Like ducks, predators know good things when they find them. It would return to sup on other ducklings now that it knew their location. I arrived to help them move the ducklings out so they would have a better chance at survival. At first, it was a piece of cake. Two of the ducklings followed a food trail through the carpeted hall to an exterior door and were left there. The other three would not enter the dark hallway so the task became more difficult. It involved chases, blankets to corral them, clapping, and searches in bushes with brooms. Like Nature itself, it was chaotic. :-)
But the half-grown ducks were successfully caught in the hands of helpers and transported outside where they gathered at the door longing to return to their comfortable childhood home. Their mother remained in the courtyard not understanding what was happening. She flew out later and surely, after a short search, found her family and led them to a place that has food, water, and protection from predators.
I visited the site after dark last night to listen for the hen calling the ducklings or the tykes calling for mom. It was silent. My visit wasn’t without excitement, however. I discovered a pair of skunks flagging their black and white tails at me from under a wooden deck (right). They were wrestling. I got close enough to get these shots, but not so close I would be sprayed.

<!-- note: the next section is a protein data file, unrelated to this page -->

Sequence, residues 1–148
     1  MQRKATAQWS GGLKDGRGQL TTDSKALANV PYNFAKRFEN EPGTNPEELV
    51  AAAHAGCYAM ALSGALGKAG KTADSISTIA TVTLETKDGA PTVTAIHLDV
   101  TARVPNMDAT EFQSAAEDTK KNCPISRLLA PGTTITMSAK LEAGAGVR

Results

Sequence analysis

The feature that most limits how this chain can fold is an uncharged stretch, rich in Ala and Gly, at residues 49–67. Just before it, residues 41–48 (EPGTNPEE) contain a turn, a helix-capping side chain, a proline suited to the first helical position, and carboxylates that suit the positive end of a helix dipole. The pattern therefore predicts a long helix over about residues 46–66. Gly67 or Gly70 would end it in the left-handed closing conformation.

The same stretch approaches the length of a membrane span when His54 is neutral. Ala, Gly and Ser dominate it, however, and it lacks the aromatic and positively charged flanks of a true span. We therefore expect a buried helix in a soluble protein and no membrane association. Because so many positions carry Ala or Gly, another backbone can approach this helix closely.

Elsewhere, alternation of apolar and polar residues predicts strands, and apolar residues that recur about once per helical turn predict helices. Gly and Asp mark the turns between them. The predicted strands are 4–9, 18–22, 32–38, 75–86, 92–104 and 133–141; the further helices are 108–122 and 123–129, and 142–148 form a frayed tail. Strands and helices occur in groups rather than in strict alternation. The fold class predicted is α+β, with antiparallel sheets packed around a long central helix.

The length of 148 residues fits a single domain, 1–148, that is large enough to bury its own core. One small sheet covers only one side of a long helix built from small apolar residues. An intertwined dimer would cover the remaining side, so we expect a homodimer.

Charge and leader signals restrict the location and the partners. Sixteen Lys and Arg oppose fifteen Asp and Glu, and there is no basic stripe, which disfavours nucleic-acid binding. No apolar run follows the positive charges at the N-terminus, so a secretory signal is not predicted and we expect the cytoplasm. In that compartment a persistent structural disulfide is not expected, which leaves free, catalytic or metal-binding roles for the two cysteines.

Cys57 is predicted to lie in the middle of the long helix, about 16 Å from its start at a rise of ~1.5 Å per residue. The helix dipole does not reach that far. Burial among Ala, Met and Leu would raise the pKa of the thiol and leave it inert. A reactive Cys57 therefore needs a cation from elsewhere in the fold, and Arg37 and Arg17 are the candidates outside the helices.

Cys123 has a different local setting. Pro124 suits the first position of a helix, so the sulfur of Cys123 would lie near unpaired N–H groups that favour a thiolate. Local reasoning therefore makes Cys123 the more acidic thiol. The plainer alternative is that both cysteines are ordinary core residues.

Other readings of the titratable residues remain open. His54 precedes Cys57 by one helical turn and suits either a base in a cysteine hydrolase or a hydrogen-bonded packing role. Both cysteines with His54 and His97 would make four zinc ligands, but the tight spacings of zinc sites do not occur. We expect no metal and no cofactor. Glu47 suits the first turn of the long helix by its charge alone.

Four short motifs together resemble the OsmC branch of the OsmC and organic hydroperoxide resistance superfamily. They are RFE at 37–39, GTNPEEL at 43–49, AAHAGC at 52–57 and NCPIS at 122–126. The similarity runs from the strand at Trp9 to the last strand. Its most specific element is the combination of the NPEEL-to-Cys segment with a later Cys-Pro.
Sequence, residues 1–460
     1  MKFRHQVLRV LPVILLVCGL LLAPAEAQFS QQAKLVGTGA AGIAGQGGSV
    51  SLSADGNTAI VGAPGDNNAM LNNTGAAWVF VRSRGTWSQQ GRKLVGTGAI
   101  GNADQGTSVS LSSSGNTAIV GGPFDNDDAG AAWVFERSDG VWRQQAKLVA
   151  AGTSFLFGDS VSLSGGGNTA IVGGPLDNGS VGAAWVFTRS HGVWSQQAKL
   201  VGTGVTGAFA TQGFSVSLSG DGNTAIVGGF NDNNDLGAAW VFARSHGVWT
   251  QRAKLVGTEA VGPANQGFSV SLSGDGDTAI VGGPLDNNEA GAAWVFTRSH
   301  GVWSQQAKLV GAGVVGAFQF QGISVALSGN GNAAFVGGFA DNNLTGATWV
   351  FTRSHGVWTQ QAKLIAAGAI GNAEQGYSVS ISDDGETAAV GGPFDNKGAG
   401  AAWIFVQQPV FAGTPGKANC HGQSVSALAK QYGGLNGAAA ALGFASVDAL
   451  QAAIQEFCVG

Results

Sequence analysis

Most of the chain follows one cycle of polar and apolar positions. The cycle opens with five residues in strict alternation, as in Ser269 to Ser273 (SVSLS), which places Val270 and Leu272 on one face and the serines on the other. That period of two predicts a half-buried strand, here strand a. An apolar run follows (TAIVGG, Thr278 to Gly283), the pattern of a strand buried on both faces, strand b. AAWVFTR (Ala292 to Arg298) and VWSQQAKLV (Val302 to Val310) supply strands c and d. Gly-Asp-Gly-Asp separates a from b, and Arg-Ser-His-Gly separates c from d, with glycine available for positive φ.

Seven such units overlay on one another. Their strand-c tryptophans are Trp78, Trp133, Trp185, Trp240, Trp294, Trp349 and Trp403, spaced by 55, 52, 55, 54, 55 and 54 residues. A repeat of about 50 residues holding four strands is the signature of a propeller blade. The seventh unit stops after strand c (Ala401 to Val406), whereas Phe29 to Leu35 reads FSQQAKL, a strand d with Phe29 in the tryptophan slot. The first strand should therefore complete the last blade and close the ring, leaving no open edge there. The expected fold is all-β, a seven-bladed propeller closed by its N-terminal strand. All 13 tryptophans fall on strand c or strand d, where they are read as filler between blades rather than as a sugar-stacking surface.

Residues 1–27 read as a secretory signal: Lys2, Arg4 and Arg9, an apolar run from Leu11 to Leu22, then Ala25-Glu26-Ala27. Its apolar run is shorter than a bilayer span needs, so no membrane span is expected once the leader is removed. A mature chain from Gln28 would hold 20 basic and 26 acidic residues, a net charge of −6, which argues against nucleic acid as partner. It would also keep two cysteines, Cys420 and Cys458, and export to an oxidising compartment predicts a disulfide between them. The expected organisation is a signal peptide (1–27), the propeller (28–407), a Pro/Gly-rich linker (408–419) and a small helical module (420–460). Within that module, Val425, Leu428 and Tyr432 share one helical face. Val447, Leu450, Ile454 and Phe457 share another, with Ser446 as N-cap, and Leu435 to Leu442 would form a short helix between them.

I talked with Kim today and all appears to be going well. There are no ducks calling or waiting at doors for their breakfast.
August 30th, 2011 permalink
Due to a video card biting the dust, I’ve been unable to make my usual daily posts. To catch up on the feathered action at the millpond, I’ll report on many of the ducklings in this one.
On August 19th, I reported two ducklings were rejected and venturing into the world alone. The gray chick vanished after three days, but the blonde one has miraculously survived. He’s teamed up with a duckling who is a week older than him (above) after many attempts to find a willing adult duck to provide some protection. The two go their merry way much of the time, but often pair up at night to stay warm as they rest. There’s hope for their future!
The hen who threw him out of her clutch of ten had only five left on August 24 (above), but only four remain now (below left). She’s one of the most stressed moms on the pond and keeps them away from most of the other ducks at night.